I’ve won and I’ve lost and it’s all been part of my sweet journey in a sport that I dearly love. I AM GRATEFUL!

To ALL the age group triathletes in this room here tonight, would you raise your hand right now - THANK YOU! I know many of you have had some of the same race experiences I just described. Why, because our sport is a sport where elites and amateurs alike can compete at the exact same distance on the exact same courses around the world.

The people in this room, the athletes in our sport, are inclusive and welcoming. Our sport is a lifestyle sport for any age, gender, or race. We ALL believe in the empowering affects triathlon can give a person when they cross that finish line. Whether you here your name being called out at the finish of an IronMan by Mike Reilly or whether it’s #TimeToTri and your doing your first race with some friends from work, OUR SPORT OF TRIATHLON IS THE MOST SATISFYING, HUMBLING, WELCOMING, ENCOURAGING, TRYING, MOTIVATING, and AMAZING sport in the WORLD.

To all the sponsors that have supported me throughout my career to get to this stage tonight, THANK YOU! My agent, Michael Spencer, was very forward thinking in his desire to pursue outside of the industry sponsors. Michael always represented me in a way that was beyond reproach. He went above and beyond for me and the companies I represented. Most of my sponsorships were with companies that were not directly associated with swim, bike, and run…companies like Visa, Polo Ralph Lauren, Ameriprise Financial, GMC, Atos Origin, General Mills, Toyota, P&G, HyVee and HumanN. THANK YOU Michael Spencer for being the best at what you do and creating an environment for me to take care of my family financially.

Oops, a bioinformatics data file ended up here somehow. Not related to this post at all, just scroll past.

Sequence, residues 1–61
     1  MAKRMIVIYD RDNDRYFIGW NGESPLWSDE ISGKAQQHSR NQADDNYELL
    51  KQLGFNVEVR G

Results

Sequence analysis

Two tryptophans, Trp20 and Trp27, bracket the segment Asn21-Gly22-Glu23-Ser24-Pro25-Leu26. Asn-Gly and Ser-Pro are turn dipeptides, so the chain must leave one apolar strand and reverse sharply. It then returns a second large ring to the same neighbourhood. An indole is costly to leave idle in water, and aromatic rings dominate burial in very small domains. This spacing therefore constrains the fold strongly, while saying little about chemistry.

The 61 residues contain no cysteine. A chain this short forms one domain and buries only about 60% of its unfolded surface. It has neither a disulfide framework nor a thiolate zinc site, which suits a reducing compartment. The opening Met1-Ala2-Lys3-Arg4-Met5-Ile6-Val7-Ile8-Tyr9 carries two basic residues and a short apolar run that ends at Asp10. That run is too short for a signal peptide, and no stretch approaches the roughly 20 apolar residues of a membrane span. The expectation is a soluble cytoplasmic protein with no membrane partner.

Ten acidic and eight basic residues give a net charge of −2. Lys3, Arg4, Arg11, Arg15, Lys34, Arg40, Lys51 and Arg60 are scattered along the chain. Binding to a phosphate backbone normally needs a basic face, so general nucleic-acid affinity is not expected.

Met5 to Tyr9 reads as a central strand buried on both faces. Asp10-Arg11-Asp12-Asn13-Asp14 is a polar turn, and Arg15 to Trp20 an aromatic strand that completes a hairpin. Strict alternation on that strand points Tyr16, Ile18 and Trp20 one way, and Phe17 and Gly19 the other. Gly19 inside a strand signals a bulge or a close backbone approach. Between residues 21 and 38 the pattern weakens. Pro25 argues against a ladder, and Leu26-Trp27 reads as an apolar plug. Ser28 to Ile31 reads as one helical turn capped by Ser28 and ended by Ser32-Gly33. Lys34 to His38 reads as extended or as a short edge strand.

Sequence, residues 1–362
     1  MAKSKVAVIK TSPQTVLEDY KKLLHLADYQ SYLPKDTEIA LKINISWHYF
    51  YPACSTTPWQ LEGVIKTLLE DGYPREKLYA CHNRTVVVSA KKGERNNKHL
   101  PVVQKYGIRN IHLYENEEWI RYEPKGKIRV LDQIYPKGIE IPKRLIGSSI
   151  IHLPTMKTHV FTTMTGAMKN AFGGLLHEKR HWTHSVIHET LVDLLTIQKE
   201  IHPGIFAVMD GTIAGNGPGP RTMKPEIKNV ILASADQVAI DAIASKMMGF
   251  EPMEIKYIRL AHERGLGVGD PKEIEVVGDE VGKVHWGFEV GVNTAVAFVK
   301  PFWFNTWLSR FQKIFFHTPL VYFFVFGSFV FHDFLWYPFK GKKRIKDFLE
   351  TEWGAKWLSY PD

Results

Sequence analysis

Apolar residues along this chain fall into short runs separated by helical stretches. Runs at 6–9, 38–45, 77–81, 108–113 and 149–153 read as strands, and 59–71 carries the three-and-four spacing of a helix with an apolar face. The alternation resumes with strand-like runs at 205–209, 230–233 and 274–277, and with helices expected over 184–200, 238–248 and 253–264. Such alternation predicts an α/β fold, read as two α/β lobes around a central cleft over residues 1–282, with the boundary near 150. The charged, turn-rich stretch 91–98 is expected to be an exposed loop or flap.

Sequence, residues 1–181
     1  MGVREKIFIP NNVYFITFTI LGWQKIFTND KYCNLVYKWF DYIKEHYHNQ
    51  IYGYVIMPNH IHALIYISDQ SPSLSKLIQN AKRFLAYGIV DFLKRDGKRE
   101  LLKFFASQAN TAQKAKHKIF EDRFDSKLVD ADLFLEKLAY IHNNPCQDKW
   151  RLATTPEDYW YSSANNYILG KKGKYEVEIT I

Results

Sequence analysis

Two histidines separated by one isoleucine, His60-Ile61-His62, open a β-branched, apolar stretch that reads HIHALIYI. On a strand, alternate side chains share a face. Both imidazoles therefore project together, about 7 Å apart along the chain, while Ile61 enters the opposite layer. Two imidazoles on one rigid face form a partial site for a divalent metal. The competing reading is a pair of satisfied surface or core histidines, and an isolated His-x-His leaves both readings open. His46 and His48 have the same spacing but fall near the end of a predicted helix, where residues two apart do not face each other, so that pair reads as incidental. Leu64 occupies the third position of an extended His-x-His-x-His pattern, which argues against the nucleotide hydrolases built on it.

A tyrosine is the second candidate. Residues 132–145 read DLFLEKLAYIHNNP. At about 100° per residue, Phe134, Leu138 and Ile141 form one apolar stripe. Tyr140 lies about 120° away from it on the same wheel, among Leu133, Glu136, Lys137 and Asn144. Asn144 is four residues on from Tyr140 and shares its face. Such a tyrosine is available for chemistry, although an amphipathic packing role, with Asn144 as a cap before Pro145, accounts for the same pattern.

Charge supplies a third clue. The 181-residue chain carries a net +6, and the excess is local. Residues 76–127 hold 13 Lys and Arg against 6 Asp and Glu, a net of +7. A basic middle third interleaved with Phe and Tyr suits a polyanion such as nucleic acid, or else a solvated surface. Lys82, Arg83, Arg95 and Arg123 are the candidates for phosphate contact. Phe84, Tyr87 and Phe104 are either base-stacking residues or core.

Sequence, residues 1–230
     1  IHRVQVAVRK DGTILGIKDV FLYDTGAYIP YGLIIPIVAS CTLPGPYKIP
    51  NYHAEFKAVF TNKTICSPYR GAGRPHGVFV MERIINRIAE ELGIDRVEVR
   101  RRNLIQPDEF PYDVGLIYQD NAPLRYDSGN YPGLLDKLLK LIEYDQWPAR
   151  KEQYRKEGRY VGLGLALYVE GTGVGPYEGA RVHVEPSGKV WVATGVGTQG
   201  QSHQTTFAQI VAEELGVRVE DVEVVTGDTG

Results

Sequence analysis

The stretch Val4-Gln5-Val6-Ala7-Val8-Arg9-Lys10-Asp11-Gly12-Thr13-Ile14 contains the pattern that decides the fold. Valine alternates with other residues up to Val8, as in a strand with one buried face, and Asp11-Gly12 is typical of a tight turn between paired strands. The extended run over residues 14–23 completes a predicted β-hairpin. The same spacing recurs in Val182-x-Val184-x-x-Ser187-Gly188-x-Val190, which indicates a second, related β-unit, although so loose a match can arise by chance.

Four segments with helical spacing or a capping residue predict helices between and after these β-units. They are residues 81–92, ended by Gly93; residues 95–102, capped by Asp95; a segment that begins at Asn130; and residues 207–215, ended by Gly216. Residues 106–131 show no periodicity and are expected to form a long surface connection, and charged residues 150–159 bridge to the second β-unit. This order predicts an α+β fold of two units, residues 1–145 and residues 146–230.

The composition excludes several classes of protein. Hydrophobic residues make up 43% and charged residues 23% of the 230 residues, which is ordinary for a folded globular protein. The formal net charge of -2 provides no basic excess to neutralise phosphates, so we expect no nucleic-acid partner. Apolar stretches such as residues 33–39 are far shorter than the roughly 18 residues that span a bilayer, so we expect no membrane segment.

Thanks to the U.S. Olympic Committee for their commitment over the years. You accredited me with access to the U.S. Olympic Training Center for the entire length of my 18 year professional career. The free dorm living for the first five years in Colorado Springs was a helpful jumpstart to my career. The OTC dining hall pass was essential, and Flower, my favorite cook, kept me fueled up. It wasn’t just the housing and food that the USOC provided, but the many other services as well. Sports Science and specifically, Randy Wilber, played an important role in my success and helped me capitalize on altitude training in the OTC lab by sleeping high and training low. Peter Haberl, my sports psychologist, always knew what I needed to hear, but even more importantly was always there to listen. I am grateful for Sport’s Nutrition, Strength and Conditioning, Sports Medicine, and the use of the Recovery Room as it helped me reach #1 in the world and extend my career. THANK YOU Flower, Randy, Peter, and the USOC for all the direct support!